Critics of Article 13 are worried we will see a lot more cases of legitimate creative content being blocked once websites like YouTube, Facebook and Twitter are forced to stop copyrighted content from being uploaded to their platforms. Concerns have also been raised about the impact the legislation will have on smaller platforms caught in the crossfire.

Ultimately, despite all its protestations, YouTube could end up doing rather well out of Article 13. If all platforms need upload filters, Google is ideally placed to sell them. Its parent company, Alphabet, has spent more than $100 million building a copyright-detection system that’s used by more than 9,000 broadcasters, movie studios and record labels worldwide.


OP's Note:

Technically, this means they could sue danger/u/ for posting all these links to news sites, if I'm understanding this correctly. Though if the site is small enough to somehow pass through the Chinese Great Firewall, its unlikely that any but the most aggressive of censors would muster the effort to care.

For further reading:


| Wait, even if the site is hosted on US or anywhere not on Europe they still have to comply?

| "The only way a site that hosts user-generated content can avoid putting in place a upload filter is if it fulfils all three of the following criteria: it has been available for fewer than three years; it has an annual turnover below €10 million; it had fewer than five million unique monthly visitors."

Actually, maybe danger/u/ would be ignored in its entirety. Not only is the site fewer than three years old (but barely), it doesn't make any money (unless you count patreon) and I doubt it has even had a million unique monthly visitors, much less five.

Meanwhile, all the major social networks are thoroughly fucked.

| >>542960

They'd need to comply if they service any EU locations, otherwise they'd have to block those countries entirely. It's unfeasible to just create a separate standard for each individual state, so most sites change things in its entirety, screwing over not just the EU visitors, but everyone else too.

| >>542962 so this could mean that sites like Facebook, Twitter and other alternative social media sites would have to cease operations if the costs towards the EU is too much?

| Well Im calling it now
The social networks of the future will only allow text posts and only unprintable characters(like line break and tab) but no whitespace because whitespace is racist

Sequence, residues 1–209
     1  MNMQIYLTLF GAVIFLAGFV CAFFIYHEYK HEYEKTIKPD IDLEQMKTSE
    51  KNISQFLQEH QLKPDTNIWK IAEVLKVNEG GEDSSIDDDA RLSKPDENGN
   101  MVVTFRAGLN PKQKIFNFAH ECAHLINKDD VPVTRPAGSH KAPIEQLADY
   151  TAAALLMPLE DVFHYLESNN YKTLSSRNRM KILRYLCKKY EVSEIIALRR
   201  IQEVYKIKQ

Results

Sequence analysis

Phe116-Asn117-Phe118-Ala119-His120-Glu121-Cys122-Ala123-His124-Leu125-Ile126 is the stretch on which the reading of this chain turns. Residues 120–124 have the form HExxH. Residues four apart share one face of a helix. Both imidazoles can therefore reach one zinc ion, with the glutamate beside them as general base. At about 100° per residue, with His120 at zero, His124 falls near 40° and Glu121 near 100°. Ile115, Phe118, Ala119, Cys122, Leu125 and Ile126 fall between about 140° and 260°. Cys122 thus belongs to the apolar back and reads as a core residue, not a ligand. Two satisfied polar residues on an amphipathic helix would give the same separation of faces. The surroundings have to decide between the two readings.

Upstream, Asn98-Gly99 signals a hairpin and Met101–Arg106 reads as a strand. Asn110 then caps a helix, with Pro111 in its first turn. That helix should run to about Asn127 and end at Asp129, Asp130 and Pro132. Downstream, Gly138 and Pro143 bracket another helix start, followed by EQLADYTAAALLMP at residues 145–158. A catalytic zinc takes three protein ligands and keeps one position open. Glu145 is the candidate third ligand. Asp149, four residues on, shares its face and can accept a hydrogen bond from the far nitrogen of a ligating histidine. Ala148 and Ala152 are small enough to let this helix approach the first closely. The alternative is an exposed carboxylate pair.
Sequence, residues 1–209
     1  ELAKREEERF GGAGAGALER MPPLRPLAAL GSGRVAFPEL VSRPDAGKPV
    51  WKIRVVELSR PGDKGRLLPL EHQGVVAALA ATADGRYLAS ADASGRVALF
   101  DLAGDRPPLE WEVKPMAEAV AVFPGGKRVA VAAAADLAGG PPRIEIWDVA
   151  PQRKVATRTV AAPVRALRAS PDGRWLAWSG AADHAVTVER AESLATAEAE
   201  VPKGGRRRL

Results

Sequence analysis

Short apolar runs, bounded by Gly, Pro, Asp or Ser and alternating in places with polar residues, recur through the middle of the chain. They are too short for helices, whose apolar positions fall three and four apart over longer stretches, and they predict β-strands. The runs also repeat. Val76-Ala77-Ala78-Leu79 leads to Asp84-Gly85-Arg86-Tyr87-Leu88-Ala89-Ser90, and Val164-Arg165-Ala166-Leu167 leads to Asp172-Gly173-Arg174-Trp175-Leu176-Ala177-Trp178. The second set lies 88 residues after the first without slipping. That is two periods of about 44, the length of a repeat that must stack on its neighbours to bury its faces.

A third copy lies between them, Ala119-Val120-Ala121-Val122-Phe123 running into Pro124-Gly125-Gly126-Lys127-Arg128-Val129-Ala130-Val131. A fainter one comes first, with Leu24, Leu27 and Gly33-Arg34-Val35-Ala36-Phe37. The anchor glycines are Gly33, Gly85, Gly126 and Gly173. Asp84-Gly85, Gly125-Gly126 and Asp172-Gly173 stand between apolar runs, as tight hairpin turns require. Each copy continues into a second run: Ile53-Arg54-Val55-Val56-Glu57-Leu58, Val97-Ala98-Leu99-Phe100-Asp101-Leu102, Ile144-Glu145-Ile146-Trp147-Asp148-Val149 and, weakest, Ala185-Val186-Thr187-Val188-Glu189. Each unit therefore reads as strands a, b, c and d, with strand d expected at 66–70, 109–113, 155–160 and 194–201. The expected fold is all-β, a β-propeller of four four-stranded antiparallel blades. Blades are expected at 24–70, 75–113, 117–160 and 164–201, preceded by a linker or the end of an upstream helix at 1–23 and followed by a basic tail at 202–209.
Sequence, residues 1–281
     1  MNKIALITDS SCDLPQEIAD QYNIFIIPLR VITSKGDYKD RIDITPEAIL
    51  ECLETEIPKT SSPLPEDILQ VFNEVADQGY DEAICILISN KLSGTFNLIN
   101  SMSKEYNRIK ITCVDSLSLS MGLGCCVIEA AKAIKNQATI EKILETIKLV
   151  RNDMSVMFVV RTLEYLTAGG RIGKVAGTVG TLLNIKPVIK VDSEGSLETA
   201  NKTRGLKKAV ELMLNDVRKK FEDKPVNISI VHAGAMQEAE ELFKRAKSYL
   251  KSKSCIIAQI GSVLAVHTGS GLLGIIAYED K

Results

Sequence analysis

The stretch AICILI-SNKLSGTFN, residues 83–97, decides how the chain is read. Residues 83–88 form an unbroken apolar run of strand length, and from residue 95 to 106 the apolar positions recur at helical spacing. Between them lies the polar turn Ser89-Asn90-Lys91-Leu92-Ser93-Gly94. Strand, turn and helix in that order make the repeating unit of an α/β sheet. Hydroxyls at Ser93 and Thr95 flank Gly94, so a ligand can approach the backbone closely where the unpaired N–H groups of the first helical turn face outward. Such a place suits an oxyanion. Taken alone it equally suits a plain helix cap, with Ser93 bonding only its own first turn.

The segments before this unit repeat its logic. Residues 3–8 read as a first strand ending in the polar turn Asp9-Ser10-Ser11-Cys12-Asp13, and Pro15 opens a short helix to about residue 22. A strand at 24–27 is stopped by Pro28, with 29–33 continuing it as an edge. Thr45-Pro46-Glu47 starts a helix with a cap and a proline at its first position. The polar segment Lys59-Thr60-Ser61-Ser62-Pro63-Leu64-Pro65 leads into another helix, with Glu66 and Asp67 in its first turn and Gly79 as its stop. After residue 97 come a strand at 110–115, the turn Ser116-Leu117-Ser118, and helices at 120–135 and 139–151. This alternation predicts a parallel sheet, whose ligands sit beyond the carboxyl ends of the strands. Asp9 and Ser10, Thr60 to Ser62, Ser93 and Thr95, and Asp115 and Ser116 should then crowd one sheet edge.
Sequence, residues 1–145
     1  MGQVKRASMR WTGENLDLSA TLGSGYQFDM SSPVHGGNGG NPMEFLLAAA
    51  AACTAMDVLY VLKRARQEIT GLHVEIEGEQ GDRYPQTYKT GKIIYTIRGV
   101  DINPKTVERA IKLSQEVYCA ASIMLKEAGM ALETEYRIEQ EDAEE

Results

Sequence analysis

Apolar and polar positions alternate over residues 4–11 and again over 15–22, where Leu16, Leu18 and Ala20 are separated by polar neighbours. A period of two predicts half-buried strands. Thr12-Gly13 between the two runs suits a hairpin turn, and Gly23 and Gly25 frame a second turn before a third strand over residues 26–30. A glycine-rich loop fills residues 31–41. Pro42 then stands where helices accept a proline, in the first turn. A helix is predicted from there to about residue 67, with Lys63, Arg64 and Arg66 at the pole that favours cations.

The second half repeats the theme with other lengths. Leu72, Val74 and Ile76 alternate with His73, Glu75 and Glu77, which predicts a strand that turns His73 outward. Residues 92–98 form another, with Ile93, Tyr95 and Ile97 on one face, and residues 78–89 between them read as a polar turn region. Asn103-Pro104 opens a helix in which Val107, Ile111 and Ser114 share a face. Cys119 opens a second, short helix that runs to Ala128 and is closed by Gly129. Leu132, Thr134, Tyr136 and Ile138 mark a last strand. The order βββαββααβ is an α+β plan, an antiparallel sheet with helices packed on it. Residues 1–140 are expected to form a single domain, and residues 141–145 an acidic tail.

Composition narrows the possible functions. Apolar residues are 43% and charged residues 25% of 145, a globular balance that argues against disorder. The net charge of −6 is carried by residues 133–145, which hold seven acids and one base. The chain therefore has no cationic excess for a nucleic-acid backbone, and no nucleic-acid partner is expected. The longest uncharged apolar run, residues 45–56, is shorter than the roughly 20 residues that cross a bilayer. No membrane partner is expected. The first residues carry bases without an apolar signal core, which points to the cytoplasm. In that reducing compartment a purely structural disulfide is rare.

| >>542971 in other news danger/u/ will ban white text because it represents Hitler's thoughts on a clean race.

| >>542975 yup and sites with white background will also have to change

| >>542965

Possibly, but history has shown that they'd rather try and do surgery on themselves rather than lose access to all those current and future users (ad viewers). Or perhaps back legislation/user furor to get everything reversed in a few years, when new politicians are in power.

Reading more into it, they might not even need to go that far depending on how each individual EU state enforces the new policy. The EU states can choose to be as lax or as strict as they like as long as they "follow" the directives.

But I'm just paraphrasing. The second article I linked explains it pretty thoroughly.

"It will now be up to the EU's member states to enact Article 13 and the Copyright Directive. Each country within the EU will be able to interpret the law and how it should be implemented in its own ways. Therefore one country may decide that "upload filters" should be implemented using one tool, while another may understand the law in a different."

| >>542978 I'm assuming that Swedish internet then would be unchanged then since many claimed to vote against it. But I guess you never know? UK already enforce their Communications Act, not surprising that they let this pass too.

| I hope this will push the usage of decentral internet infrastructure, like TOR.

| I should probably look into that, even if just for knowledge sake.

| danger/u/, the last bastion of free speech on the internet

| Nah, theyd just have to send a few trolls our way and we would drown in captcha hell.

| Shit

| https://edri.org/gdpr-incompatibility-blind-spot-of-copyright-debate/

| Does this law/article conflict copyleft?

| >>543795 I don't think it does, as far as I know copyleft licenses have their own clauses explaining when/how you can use the content legally

Total number of posts: 18, last modified on: Thu Jan 1 00:00:00 1553776798